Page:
Moo Indigo-the ballad of Doris and Flo.

We are the trailer cows

Feel free to have a browse

It’s so fine to have you near.

 

Whenever you are feeling low

Take a breath real slow

And know we are here to cheer.

 

We munch and chew our cud

Wherever we are stood

We have no worries or fear.

 

We like it by the trailer

From here we can see who mailed ya

And our presence brings you here.

 

We like to swish and moo

We’ll always make room for you

Just don’t stand too near our rear.

 

Moove over Duke-love from Doris and Flo…

 

©Alison Jean Hankinson

This is intended to be fun. It was written for d’Verse poetics and inspired by the beautiful and emotive photography by Sharon Knight. This image was entitled Trailer Cows and was from https://sunearthsky.com/

We were given permission to borrow the images.

I liked all the images and would have enjoyed writing about many of them but this one captured my imagination the most. I was taken by the two cows, whom I named Doris and Flo.

 

Simple things

It was a simple gesture

………………….  As the sun rose the seedling grew

Nosed its way nonchalantly through the weeds.

…………….  Caressed by early summer sun,

Nourished by November rains.

 

With all its might it pushed through the merriment

Of opportunistic pumpkins and weary watermelons

And reached high for the sky,

……….  One leaf at a time,

stretching                sighing               saluting the sun.

 

It was a simple gesture

…………. It spoke of unfaltering love.

………………………… The sunflower smiled

…………   And reminded me that life is enriched

By the simple things.

 

©Alison Jean Hankinson.

This is for d’Verse meeting at the bar, where we were asked to consider silence. This sunflower was in my garden in NZ, planted as a seed by my husband to cheer me up in  Spring/summer 2014 when I was unable to tend the garden following major surgery. I could see it from the bedroom window.

Feel that walking bass…

On the one level

it was a tango fandango.

A pink flamingo

a daring dance of dating

in the early throes of spring.

 

 

Shrill trumpet rising

sounds of Chuck Mangione

staccato toccata- reminiscent of Children of Sanchez

Conspiring to court Consuelo’s love

With a pink flamingo face.

 

One legged lover

with snazzy syncopated rhythm

with a strut to the left olé

and a strut to the right olé

strum that walking bass.

 

© Alison Jean Hankinson

Things have been out of kilter this month and hence I am a little behind in things.

For d’Verse….

This is Tuesday’s poetics prompt that I didn’t finish….merging with meeting at the bar- and all that jazz….incidentally I think pink flamingoes merge well with jazz…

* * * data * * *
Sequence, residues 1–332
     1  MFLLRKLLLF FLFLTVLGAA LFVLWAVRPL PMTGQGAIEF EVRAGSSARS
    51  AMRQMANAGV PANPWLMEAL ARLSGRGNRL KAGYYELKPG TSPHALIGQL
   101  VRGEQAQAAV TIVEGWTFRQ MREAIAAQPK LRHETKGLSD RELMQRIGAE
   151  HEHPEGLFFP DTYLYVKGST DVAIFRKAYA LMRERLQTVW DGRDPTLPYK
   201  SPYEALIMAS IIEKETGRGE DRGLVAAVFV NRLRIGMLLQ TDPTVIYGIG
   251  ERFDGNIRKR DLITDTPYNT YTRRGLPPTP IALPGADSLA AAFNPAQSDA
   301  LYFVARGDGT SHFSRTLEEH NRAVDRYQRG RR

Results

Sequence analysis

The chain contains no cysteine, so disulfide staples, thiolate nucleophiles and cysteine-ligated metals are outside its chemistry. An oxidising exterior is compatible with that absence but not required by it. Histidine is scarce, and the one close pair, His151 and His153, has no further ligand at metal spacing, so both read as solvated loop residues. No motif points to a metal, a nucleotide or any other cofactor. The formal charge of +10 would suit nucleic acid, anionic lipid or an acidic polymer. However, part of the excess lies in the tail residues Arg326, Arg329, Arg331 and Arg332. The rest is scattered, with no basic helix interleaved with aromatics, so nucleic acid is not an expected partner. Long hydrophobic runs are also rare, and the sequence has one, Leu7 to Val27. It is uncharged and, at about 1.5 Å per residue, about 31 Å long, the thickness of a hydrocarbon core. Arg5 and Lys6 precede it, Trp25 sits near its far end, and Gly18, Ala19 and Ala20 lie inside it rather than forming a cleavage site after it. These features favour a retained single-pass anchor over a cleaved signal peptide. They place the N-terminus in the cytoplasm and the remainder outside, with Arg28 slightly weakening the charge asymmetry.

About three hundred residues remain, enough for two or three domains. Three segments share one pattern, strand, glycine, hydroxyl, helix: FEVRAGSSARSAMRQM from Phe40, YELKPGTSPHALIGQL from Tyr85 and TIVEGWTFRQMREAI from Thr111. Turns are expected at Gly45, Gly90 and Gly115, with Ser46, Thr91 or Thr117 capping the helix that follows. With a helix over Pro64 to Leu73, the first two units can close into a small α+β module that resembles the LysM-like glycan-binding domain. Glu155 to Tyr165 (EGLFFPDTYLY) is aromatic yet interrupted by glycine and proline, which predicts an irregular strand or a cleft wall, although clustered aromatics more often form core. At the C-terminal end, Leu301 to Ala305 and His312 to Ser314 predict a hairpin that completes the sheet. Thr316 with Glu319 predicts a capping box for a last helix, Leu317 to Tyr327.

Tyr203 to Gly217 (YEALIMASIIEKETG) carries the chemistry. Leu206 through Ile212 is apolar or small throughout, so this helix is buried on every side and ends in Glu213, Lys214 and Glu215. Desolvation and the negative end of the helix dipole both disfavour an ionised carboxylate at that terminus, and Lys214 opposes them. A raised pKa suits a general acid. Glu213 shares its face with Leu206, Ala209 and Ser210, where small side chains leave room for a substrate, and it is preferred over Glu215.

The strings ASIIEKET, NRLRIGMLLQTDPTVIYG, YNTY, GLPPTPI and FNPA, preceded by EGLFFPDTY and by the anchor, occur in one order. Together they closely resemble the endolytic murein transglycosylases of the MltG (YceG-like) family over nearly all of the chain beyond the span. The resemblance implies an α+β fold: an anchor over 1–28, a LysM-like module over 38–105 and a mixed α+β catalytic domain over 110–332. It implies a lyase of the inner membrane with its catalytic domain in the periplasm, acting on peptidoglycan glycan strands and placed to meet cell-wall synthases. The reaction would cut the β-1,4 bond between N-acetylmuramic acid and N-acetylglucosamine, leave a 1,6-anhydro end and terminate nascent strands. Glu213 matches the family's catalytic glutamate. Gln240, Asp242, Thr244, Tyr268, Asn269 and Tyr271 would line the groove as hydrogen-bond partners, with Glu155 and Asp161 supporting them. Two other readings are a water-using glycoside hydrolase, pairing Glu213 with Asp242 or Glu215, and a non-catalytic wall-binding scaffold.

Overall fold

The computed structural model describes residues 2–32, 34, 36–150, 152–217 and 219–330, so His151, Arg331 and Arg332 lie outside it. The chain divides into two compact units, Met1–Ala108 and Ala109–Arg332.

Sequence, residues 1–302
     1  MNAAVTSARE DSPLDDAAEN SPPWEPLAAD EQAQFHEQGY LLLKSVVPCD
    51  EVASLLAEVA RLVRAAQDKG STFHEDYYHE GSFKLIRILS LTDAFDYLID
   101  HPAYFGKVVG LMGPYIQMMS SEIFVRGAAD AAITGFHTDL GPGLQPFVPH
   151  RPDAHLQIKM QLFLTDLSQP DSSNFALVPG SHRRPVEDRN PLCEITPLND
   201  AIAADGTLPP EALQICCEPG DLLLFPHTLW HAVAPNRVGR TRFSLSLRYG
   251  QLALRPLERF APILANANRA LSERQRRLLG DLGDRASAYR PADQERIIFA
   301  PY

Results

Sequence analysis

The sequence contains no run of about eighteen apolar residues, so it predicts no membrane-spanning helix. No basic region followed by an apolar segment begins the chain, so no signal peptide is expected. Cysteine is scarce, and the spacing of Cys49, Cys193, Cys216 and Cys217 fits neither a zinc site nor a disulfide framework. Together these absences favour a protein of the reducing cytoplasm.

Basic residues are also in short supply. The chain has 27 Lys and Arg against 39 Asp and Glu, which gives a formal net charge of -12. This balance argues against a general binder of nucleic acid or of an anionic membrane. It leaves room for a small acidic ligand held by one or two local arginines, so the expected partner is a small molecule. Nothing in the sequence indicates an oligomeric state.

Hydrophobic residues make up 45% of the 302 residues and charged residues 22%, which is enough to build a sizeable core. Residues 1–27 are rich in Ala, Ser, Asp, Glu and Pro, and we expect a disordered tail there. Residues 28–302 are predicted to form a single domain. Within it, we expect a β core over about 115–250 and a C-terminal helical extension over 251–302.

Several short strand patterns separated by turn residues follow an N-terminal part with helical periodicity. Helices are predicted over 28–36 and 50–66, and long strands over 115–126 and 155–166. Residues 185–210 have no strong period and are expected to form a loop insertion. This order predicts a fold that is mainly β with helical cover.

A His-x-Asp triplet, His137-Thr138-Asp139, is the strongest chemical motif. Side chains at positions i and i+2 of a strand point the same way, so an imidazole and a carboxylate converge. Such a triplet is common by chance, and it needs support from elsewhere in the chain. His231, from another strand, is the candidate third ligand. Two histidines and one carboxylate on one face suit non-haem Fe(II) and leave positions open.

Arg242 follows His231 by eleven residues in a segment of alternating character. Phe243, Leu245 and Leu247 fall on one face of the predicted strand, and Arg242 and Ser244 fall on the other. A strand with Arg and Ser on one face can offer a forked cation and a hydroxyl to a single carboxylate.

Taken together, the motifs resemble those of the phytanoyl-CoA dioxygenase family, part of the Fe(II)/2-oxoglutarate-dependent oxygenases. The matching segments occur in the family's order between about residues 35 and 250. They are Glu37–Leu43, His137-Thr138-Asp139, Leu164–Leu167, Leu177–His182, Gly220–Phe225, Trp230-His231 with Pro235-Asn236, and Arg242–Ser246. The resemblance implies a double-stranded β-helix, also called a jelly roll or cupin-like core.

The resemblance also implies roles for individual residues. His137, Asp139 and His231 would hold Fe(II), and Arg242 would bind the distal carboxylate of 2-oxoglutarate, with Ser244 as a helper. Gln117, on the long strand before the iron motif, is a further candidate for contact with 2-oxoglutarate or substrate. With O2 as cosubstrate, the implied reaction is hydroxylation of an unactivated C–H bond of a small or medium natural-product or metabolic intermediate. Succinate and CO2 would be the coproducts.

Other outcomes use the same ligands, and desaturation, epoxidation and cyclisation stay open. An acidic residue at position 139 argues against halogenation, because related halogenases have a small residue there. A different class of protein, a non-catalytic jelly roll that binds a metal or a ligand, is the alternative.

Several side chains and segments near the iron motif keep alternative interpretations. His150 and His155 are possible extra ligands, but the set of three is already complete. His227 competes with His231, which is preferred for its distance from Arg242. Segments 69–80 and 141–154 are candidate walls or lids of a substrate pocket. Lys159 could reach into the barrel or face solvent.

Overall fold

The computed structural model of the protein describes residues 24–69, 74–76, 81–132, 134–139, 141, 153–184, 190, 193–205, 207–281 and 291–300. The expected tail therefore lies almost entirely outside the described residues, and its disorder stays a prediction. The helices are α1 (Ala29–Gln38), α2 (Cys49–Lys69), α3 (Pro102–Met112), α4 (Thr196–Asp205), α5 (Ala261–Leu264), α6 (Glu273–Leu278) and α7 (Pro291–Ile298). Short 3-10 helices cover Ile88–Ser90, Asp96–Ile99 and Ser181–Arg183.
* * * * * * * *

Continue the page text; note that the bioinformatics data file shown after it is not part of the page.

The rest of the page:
Links to Chuck..

Children of Sanchez

The image is from Wikipedia and has creative commons licence:

File: James’s Flamingo mating ritual.jpg

http://www.flickr.com/people/pedrosz/

by Pedros Szekely,

 

 

Morepork

In NZ the native owl is the Morepork and this is the sound of its call- Morepork. We have always loved owls as a family it is perhaps their mysticism or perhaps their association with wisdom. My viewings have been limited to those in captivity but my ears are attuned to their call both at home and in NZ. We had several lived in our backyard bush on Mount Tiger and I would fall asleep listening to their calls most nights, it was as familiar as the sound of the cicadas in summer, but here it was during half term when we were caravanning in Cheshire amidst the trees not far from Arley estate that I heard the familiar sound.

This Saturday I had to get the train to London very early in the morning, 5.30am, before it was light to represent our research project at the Rethink annual conference. As we parked the car at the station I heard the call of a lone owl.

Early morning mist

Lone owl calls- winter darkness

Train leaves the station.

 

©Alison Jean Hankinson

This is for d’Verse haibun monday, where we were asked to consider owls.

The images are all my own.

 

Leaving it all behind…

There are days when the tragedy of life is too great to bear

When win some, lose some just won’t cut the mustard.

Winsome-wearied, weathered and worn

 

She hailed a taxi.

Time to get the hell out of this hateful hole

Before it swallowed her whole.

 

Bright skies before her, burning sun

Radiant beauty of migrant birds in flight-heading for a warmer winter shore.

Leaving was the answer of this she was sure.

 

©Alison Jean Hankinson

This painting from Artistic Interpretations at imaginary garden with real toads. I think this one reminds me of the place she was leaving.

 

 

 

More Magic

Herbs and bits of stick

medicines to cure

gardening lemongrass, hogweeds, valerian.

 

Rituals and superstitions

lunar chart an astrological schedule

The garden thrived.

 

Chinese medicine, English folklore

Everyday magic

Layman’s alchemy.

 

Alison Jean Hankinson

A second contribution for d’Verse MTB, using the erasure style…a second stab at Magic…but from a different source….

Image-spices and herbs by futureshape.

blackout 2

Charlie the pheasant…

Charlie was a pheasant

Who lived out in the bush

He came out when the sun shone

Eating insects in a rush

 

His wife was rather drab

In plumage next to him

She strutted across the garden

In sunshine frost and rain.

 

Mating calls would echo

Springtime rooster ruled the lair

Sometimes he had a harem

For the pheasant chicks to fare

 

Charlie was a pheasant

Who didn’t live for long

But in this time brought happiness

Despite his awful song.

 

©Alison Jean Hankinson

Submitted for d’verse open link night.